The Hidden Benefits of Control: Evidence from a Natural Field Experiment
44 Pages Posted: 5 Sep 2011
Date Written: July 5, 2011
An important dialogue between theorists and experimentalists over the past few decades has raised the study of the interaction of psychological and economic incentives from academic curiosity to a bona fide academic field. One recent area of study within this genre that has sparked interest and debate revolves around the “hidden costs” of certain incentives, such as a principal not exercising control over an agent. While the literature highlights the importance of such effects, what has been missing is clean evidence from the field to support such claims. This study overlays randomization on a naturally-occurring environment in a series of temporally-linked field experiments to advance our understanding of the economics of charity and to test if such benefits exist in the field. This approach permits us to examine why people initially give to charities, and what factors keep them committed to the cause. Several key findings emerge. First, there are hidden benefits of conditional incentives that would have gone undetected had we maintained a static theory and an experimental design that focused on short run substitution effects rather than dynamic interactions. Second, we can reject the pure altruism model of giving. Third, we find that public good provision is maximized in both the short and long run by using conditional, rather than unconditional, incentives.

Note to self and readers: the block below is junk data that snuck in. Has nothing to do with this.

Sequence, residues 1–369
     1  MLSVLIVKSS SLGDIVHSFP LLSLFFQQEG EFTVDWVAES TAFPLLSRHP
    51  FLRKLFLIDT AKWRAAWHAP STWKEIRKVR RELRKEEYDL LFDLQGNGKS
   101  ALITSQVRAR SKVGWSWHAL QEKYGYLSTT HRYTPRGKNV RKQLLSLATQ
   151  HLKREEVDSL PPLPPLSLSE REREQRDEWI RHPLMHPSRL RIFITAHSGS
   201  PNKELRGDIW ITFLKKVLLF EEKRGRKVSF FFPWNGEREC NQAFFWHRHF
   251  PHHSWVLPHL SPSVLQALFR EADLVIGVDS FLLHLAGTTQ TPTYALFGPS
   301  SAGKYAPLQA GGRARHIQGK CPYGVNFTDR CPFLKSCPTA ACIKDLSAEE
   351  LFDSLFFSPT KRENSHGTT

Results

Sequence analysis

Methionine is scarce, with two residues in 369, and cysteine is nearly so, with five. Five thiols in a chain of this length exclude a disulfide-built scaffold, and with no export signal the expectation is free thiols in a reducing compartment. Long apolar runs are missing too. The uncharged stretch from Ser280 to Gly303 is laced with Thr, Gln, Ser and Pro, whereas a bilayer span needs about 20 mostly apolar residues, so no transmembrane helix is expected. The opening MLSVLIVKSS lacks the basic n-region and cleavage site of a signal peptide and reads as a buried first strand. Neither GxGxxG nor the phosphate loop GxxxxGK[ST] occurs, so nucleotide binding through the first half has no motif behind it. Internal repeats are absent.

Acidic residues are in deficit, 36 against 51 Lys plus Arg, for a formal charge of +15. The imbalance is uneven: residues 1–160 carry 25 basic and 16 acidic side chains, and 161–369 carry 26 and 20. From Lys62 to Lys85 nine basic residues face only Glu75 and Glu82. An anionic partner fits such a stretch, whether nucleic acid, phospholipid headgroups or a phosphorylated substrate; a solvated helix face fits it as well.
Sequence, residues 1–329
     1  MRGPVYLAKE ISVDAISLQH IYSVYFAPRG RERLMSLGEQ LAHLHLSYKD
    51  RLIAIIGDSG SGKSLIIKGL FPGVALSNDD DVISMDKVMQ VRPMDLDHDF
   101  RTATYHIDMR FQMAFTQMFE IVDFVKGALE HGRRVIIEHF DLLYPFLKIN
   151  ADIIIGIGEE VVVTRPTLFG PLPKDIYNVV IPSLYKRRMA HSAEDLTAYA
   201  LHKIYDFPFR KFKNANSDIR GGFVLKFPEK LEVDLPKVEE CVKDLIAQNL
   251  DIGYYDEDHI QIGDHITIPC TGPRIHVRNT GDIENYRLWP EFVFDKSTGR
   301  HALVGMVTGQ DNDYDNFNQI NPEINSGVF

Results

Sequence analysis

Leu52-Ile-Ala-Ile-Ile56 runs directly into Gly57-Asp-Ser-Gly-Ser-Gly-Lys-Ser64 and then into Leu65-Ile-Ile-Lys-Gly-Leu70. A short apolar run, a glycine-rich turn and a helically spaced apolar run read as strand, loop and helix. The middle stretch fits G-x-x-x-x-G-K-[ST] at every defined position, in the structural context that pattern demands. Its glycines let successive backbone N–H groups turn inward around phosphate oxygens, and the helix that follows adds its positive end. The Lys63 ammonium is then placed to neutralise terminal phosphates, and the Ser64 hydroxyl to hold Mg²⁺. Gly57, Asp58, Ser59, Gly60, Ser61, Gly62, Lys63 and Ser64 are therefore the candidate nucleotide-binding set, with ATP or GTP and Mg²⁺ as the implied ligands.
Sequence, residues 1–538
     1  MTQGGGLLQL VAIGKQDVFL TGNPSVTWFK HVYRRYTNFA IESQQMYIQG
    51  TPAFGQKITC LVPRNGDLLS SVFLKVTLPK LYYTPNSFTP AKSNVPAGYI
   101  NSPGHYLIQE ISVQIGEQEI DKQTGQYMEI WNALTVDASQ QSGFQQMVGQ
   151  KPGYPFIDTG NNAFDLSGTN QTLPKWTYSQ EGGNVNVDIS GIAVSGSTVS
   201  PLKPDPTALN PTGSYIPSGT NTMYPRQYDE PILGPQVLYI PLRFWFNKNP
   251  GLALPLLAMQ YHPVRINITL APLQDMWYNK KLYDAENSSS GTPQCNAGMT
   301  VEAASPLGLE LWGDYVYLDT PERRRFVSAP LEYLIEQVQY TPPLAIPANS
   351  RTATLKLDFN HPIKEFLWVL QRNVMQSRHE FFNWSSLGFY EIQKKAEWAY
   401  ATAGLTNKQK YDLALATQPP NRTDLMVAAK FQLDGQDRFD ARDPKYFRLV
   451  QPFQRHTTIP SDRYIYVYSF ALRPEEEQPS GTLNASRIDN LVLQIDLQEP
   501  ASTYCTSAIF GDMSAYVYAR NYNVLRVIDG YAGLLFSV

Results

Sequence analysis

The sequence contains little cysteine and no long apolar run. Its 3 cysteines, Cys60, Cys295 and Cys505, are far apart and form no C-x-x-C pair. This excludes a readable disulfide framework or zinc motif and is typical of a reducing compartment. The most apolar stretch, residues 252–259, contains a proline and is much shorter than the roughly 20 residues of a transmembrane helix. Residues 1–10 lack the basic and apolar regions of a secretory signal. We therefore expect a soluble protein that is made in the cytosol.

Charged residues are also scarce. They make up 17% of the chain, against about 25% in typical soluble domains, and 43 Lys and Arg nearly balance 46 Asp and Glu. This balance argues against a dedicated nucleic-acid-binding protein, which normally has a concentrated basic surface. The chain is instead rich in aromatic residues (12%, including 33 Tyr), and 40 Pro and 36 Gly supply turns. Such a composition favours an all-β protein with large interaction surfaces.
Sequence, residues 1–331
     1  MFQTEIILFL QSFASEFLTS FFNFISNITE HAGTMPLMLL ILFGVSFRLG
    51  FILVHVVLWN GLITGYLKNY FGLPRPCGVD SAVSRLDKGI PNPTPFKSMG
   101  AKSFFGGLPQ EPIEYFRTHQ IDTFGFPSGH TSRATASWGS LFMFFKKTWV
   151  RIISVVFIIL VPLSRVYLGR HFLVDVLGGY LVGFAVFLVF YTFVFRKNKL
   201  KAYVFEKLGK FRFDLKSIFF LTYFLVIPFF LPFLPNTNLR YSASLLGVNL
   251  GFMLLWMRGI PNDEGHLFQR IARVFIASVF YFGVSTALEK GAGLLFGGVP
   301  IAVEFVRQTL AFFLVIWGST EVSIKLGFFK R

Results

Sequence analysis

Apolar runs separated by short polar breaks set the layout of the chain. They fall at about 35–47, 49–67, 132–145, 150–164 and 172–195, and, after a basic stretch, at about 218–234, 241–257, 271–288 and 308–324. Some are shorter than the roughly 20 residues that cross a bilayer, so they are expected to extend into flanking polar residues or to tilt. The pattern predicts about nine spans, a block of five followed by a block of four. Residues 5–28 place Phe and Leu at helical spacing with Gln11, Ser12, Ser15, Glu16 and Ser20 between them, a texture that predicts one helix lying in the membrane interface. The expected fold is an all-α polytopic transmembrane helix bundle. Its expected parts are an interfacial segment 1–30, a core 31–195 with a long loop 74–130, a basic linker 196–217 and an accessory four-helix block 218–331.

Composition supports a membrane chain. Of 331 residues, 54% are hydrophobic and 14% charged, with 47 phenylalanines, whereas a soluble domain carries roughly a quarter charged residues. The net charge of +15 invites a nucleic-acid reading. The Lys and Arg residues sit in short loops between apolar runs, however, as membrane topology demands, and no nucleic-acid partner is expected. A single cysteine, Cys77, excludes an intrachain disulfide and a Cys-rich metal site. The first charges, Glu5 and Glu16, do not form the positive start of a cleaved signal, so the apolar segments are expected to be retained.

Keywords: public goods, field experiments, charitable fund-raising, reciprocity
JEL Classification: C93, H41, L30
Suggested Citation: Suggested Citation